Monday, 8 December 2014

Changing Places

As Jessica's parents we have always been very committed to making sure Jess lives as normal a life as possible, with all the experiences that she would have had if she didn't have Rett Syndrome.

However, as she gets bigger and heavier, this is getting a lot more difficult for many reasons.  One of the most significant reasons is the challenge of changing her nappy or putting her on the toilet while we are out.

Although there are numerous disabled toilets around, not many are suitable for people (children and adults) with profound disabilities. Many disabled people ideally need a changing table (ideally height adjustable), a ceiling track hoist and a toilet with enough room for a carer either side (as well as the facilities being clean, of course). Not just a large room with a dirty toilet in it, which is how a lot of disabled toilets present themselves.

Once Jess became too big for baby changing facilities, we used to be able to change her in her wheelchair, as the seat was able to be reclined. However, her new wheelchair doesn't do this - it tilts but keeps her in a seated position, which makes it very hard to change her on it.

So now when we are out, it is really difficult. Jess can't stand or weight-bear reliably, although we are doing all we can to improve this, as this would make life so much easier.   There is rarely anywhere obvious to lay her flat. We take a large changing mat out with us, but I refuse to lay her on the floor of a public toilet - the floors  are rarely clean, and Jess rolls over without warning and flings her arms and legs in all directions. I do not want her rolling around on dirty toilet floors. There will also come a point soon (in not the too distant future) when I am unable to lift her safely from her chair on to the floor and back again.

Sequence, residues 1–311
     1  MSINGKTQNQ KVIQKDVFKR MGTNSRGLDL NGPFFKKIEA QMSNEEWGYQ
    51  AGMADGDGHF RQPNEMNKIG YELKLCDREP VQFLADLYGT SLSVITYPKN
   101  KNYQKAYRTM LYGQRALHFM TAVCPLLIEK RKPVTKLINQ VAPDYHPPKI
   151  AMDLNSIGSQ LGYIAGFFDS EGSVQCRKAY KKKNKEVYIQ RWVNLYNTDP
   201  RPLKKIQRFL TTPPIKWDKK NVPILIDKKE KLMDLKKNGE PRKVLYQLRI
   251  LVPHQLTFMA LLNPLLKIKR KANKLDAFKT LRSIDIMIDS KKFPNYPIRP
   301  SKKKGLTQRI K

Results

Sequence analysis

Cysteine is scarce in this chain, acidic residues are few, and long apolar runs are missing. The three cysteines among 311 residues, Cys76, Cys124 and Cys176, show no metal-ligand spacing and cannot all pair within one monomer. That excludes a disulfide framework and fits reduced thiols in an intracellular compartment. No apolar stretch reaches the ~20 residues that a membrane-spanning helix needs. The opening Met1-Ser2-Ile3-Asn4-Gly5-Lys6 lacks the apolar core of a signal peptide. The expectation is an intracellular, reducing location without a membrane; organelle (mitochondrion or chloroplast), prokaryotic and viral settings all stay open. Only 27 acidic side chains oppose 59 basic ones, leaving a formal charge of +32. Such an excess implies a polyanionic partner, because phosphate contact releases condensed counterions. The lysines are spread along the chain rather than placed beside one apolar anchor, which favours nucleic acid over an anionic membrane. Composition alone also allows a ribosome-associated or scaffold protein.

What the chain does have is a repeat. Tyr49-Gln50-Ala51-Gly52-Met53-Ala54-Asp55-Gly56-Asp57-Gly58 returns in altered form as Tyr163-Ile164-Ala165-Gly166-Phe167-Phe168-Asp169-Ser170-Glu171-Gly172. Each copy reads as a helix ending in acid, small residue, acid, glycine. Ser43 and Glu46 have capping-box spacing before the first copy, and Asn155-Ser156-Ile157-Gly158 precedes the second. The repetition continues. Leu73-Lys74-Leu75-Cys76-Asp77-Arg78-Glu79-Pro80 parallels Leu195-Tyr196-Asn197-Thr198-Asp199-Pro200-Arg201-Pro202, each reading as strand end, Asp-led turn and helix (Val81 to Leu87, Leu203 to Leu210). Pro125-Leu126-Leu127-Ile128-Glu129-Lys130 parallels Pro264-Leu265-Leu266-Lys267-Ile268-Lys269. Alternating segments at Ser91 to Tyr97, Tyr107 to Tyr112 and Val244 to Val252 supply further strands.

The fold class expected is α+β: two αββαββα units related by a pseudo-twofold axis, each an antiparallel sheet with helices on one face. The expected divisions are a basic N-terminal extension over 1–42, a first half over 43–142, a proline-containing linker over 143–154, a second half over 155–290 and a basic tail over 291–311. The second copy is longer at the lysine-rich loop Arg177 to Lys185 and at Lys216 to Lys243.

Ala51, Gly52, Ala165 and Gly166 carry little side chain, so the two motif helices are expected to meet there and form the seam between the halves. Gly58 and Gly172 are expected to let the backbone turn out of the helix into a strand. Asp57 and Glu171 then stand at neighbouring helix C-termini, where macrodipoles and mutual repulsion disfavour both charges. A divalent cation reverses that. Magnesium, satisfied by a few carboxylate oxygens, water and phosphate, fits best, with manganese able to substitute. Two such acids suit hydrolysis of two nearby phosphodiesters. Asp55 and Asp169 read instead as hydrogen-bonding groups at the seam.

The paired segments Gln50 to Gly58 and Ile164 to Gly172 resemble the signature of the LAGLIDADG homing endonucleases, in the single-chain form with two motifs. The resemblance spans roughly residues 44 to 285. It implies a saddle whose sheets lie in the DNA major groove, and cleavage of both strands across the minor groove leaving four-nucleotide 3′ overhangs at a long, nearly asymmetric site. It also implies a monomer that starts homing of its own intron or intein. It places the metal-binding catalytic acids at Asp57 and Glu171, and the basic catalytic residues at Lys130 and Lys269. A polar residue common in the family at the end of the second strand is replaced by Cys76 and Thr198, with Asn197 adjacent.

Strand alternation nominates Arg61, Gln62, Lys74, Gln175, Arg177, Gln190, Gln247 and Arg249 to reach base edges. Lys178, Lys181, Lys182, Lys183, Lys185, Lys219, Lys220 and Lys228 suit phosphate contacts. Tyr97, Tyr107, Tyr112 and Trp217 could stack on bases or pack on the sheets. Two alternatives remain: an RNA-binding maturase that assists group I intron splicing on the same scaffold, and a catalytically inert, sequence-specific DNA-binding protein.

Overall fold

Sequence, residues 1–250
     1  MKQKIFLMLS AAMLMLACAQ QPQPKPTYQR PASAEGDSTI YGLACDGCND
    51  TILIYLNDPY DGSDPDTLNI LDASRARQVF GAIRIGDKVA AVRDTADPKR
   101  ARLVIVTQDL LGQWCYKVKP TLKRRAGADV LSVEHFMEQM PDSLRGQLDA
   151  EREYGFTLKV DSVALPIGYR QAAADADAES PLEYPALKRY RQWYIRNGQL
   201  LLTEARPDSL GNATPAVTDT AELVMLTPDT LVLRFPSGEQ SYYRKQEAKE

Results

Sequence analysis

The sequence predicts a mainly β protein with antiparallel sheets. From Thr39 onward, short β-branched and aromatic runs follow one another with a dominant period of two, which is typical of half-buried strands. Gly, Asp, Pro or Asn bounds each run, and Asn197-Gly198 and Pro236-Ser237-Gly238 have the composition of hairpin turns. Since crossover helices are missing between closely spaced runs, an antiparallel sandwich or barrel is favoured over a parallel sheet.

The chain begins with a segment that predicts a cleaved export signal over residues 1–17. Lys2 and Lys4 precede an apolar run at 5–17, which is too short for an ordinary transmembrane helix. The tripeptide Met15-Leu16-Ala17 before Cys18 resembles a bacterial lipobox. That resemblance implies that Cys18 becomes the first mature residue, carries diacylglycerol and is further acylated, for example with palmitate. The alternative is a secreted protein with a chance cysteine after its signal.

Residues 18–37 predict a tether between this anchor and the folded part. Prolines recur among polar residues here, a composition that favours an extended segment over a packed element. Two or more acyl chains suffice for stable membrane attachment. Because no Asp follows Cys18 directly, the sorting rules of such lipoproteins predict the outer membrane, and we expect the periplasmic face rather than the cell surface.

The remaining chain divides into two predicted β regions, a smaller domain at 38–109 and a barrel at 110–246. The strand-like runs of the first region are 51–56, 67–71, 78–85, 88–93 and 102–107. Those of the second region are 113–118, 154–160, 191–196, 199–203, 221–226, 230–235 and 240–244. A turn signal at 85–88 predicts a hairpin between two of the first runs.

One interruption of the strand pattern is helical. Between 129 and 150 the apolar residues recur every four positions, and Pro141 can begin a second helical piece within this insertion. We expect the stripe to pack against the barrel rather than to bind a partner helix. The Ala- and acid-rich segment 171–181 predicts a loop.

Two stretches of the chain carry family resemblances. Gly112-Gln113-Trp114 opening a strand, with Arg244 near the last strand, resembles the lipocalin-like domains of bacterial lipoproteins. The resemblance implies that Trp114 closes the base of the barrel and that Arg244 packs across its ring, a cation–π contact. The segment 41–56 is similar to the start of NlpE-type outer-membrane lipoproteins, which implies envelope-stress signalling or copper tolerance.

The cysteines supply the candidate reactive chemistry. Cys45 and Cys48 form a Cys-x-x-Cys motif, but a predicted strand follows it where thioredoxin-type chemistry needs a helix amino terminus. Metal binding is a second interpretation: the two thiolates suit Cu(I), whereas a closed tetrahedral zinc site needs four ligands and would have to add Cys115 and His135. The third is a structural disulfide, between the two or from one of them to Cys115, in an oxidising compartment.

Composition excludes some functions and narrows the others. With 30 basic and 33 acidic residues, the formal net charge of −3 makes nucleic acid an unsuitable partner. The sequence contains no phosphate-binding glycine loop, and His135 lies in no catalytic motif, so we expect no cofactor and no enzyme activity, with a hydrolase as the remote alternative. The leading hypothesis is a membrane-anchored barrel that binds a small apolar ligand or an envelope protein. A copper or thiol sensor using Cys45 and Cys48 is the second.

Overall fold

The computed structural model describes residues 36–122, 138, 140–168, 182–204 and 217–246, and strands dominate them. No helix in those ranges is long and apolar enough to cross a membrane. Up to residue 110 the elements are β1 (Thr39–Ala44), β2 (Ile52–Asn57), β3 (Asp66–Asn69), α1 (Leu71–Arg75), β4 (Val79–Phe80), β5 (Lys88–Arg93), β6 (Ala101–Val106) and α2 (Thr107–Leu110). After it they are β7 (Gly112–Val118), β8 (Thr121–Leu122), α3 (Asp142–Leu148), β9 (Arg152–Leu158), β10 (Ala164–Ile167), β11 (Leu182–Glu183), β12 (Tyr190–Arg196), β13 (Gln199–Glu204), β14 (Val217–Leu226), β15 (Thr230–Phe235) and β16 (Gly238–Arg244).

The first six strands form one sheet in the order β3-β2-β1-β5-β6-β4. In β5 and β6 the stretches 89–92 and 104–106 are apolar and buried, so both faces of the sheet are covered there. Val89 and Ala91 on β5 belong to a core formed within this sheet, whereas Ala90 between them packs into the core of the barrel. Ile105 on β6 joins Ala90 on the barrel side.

Which leaves us where? Only able to go out for 2-3 hours at a time? Not able to go far from home? How does that fit with us wanting to give Jess as normal childhood with regular experiences? Most children are able to have days out and to stay away from home for more than 2-3 hours.

Consequently, I have been asking everyone we meet - doctors, therapists, carers - how we can overcome this, and I was told there were no easy answers but to have a look at the following website:

This is a campaign for toilets in public areas which meet the needs of those who need one or more carers, a changing bench and a ceiling track hoist. If these facilities were easily available in public places such as airports, shopping centres, train stations etc, I cannot tell you the difference this would make to our (and many other people's) lives.


  1. Definitely a huge difference it would make, Liz! Tessa still fits in the changing table but didn't think about when she's to big for it, even on the plane. OK let's go for the airport etc, first.

    Sorry for the inconvenience but I've changed my URL link to:


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